chap 6, appraisal, collection of data

Card Set Information

chap 6, appraisal, collection of data
2014-04-06 21:33:49
445 phonology

445 phonology
Show Answers:

  1. 2 types of data collection include
    • screening
    •     -activities or tests that identify if further testing is needed
    •     -often used with groups of children rather than 1 on 1
    • comprehensive evaluation
    •     -multiple activities or tests that give more specific detailed info
    •     -articulation test/stimulability measures
    •     -conversational speech
    •     -hearing testing
    •     -oral perif/speech mechanism examination
    •     -possible lang testing
    •     -artic tests
  2. what do you need to consider when choosing an artic assessment
    • 1. appropriateness for age or developmental level
    •     -difficult to assess children under 3
    •     -3-4 yo may be difficult to test even if it is normed on them
    •     -book notes that large colored pictures might work well, most don't do that
    •     -unusual for standardization beyond age 13
    • 2. ability to provide standardized score
    •     -most tests are not standardized so scores can't be compared to other children of similar age
    •     -list previously discussed give standardized scores
    • 3.  analysis of the sound errors
    •     -do they assess artic or phonology
    •     -format the same for both, but scoring is different, you can use an artic test and note the phonological process but it is harder to do
    • 4. includes adequate sample of thesound or sounds relevant to each person
    •     -is it general american english for a different pop
    •     -they dont test the most frequently missed sounds(s) in a large number of contexts
  3. how do you supplement for missing info
    transcribe the entire word when an error occurs in a word so even if the target sound is produced correctly, you have info on the part that is not produced correctly
  4. assessment procedures to supplement artic tests
    • 1. transcribe the full word when there is an error
    • 2. supplement the artic test with additional utterances that address the noted problems of the client: make sure that you test the target sounds in various positions and contexts
    •     use word lists
    •     commercial tests (mcdonald's deep test, secords c-pac)
    • 3. always sample and record continuous speech: remember that many tests only test words, it is important to determine if intelligibility increases or decreases
    • 4. determine the stimulability of the error sounds
  5. what are the 3 scoring systems for describing an error
    • two way scoring
    • five way scoring
    • phonetic transcription
  6. error scoring systems
    two way scoring
    • made between right and wrong production of the sound
    • pro- uses the give feedback and document progress in history
    • con-doesn't provide infor on the kind of aberrant artic happens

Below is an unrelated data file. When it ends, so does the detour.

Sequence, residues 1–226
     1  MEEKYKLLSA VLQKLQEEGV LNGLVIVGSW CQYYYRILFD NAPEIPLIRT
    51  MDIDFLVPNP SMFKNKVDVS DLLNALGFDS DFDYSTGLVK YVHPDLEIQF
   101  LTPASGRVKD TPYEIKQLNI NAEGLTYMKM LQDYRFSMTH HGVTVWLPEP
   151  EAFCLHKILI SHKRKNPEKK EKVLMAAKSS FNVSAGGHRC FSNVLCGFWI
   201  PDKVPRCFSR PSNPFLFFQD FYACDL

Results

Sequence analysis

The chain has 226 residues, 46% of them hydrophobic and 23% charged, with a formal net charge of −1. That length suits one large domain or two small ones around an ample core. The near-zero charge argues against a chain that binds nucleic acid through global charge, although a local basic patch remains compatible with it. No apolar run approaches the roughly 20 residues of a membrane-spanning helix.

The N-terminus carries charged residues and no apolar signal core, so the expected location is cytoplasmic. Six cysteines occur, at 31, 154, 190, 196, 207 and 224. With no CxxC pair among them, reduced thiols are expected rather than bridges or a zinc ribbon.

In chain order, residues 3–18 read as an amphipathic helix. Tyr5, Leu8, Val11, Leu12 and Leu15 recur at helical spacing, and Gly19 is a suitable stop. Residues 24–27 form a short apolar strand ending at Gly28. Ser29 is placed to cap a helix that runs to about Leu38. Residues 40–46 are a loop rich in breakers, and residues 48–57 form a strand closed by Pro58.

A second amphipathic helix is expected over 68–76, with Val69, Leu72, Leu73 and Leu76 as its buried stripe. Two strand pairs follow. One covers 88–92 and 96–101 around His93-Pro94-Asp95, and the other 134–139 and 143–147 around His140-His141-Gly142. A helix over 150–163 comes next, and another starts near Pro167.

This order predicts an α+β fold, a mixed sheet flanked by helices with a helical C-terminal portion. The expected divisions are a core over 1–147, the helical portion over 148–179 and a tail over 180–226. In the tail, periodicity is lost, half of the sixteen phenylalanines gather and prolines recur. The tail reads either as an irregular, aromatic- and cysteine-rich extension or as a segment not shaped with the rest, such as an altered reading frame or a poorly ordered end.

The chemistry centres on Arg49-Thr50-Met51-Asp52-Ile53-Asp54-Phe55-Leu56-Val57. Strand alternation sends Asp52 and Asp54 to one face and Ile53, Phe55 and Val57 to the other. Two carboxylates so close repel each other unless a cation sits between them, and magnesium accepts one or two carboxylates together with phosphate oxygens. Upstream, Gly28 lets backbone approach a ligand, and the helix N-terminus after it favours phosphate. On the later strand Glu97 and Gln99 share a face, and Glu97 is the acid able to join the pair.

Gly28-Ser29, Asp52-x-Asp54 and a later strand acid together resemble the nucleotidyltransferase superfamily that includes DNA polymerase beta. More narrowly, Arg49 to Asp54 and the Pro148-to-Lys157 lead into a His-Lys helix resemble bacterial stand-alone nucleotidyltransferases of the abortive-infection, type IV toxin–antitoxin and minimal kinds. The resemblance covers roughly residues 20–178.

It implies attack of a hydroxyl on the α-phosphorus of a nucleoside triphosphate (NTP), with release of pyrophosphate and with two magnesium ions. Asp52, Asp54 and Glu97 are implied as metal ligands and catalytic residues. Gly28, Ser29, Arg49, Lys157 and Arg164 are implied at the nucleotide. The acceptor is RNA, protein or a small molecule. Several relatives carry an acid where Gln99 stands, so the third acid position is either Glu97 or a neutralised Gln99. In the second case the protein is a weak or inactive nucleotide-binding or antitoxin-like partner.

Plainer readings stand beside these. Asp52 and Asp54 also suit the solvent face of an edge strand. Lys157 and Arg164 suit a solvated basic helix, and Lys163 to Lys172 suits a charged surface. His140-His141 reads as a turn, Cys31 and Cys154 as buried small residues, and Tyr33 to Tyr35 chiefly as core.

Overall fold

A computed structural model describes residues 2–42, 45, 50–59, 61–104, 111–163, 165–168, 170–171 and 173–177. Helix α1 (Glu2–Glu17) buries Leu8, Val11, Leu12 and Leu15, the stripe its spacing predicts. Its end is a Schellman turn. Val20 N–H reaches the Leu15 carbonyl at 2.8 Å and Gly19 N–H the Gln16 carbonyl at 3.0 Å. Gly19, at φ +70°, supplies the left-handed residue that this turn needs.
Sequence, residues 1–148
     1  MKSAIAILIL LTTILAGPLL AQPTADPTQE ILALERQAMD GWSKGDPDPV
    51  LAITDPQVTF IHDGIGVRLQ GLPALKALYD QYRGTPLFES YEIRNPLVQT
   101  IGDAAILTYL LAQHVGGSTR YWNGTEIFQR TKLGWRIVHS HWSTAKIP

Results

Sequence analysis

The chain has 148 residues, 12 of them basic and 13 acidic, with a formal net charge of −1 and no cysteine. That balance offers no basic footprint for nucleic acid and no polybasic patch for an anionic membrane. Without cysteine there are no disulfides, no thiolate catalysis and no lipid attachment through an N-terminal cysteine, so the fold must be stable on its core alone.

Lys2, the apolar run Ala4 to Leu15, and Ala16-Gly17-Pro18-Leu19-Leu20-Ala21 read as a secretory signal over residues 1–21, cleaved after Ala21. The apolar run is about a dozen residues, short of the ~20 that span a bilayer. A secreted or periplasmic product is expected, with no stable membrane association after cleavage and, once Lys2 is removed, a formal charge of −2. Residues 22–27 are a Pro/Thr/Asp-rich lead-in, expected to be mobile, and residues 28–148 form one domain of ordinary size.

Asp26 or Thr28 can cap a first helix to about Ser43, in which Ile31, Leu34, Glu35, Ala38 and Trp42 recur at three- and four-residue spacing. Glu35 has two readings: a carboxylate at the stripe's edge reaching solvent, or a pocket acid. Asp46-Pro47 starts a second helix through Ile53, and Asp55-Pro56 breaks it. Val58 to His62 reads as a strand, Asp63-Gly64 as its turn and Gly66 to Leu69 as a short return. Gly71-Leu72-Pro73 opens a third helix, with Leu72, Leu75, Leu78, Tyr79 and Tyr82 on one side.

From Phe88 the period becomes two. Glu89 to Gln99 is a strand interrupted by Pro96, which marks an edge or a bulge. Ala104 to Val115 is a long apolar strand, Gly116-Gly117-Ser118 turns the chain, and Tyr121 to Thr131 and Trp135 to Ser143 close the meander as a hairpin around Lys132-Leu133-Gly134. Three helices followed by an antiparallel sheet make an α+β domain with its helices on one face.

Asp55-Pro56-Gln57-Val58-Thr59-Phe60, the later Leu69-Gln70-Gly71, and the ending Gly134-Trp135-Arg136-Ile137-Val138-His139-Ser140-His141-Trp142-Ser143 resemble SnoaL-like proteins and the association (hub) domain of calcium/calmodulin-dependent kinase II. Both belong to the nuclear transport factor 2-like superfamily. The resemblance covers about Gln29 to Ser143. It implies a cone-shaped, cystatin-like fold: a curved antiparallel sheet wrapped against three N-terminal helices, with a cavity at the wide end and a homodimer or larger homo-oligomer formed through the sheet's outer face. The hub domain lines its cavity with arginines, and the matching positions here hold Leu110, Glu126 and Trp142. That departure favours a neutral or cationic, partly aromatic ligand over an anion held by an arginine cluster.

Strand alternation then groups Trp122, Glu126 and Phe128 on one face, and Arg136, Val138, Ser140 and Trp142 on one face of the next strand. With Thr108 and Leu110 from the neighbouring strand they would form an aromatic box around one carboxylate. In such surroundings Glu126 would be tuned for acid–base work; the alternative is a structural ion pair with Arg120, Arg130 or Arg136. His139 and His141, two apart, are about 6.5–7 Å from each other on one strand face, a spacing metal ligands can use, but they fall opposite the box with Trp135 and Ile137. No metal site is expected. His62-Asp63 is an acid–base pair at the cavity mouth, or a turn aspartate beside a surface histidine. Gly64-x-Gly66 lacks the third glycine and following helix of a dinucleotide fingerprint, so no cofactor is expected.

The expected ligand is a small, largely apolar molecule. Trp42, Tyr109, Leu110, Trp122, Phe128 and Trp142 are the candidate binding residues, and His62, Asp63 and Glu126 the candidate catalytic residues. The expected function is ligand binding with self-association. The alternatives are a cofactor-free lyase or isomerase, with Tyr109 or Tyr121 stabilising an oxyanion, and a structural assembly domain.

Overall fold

7. error scoring systems
    five way scoring
    • classifies the production based on the type of error
    • correct or norm productions
    • deletion or omission
    • substitution 
    • addition
    • con-no examples of what is considered the norm, the category may include the presence not the absence of a sound, substitution and distortion are vague terms
  8. error scoring systems
    phonetic transcription
    • describes speech behavior with written symbols
    • pros-
    •     -more percise
    •     -give more info about the misartic
    •         -this info helps with assessment and intervention
    •     -most universally accepted way to share the info professionally
    •     -uses broad and narrow transcription
  9. stimulability testing
    • testing the individuals ability to produce a misartic sound in an appropriate manner when stimulated by the clinician
    •     -can be done in all positions in the words
    •     -often done as normal part of the testing
  10. what is stimulability testing used for
    • determine therapy goals and to predict if therapy would be beneficial
    •     -many teach the stimulable words first
    •     -may mean they are ready to develop on their own
    •     -studies showed that stimulability didn't necessarily mean they would be successful and in some cases, non-stimulable words were remediated very quickly
  11. spontaneous speech sample
    • while time consuming it can give added info for lang, voice and fluency
    • gives better info than just single words or short phrases
    •     -gives info on more complex oral motor organization
    • purpose is to compare the productions of single words with continuous speech and to ensure all sounds are tested
  12. how to conduct the speech sample
    • 1. begin with the artic test to note production in single words and perhaps phrases
    • 2. provide objects/pictures to elicit targeted sounds
    • 3. plan the length of the sample
    • 4. plan diversity into the sample
    • 5. monitor the recording 
    • 6. transcribe as much as you can during the sample to ensure accuracy
  13. evaluation of the speech mechanism
    oral perf for evaluation of function and structure
  14. what to look for in an evaluation of the speech mech
    • 1. examine the head and facial structure
    •     -brain match body size, reduced space for brain
    • 2. size, shape of lower portion of the skull including the jaw
    •     -micrognathia is a condition where the jaw is undersized
    •     -common in infants but usually self corrected during growth
    •     -look at symetry of facial features
    •     -proportion
    •     -appearance and overall shape of the structure being evaluated including eyes, nose, mouth etc
    •     -muscle tone
    •         -normal stat of resting muscle
    •         -drooping or flacidity should be explored
  15. evaluation of the speech mechanism
    examine breathing, what to look for
    • look for normal breathing habits
    • open or closed mouth breathing
    • should be no sign of 
    •     -clavicular breathing
    •     -sound of breathing
    •     -gasping or forced inhalations/exhalations
  16. evaluation of the speech mechanism: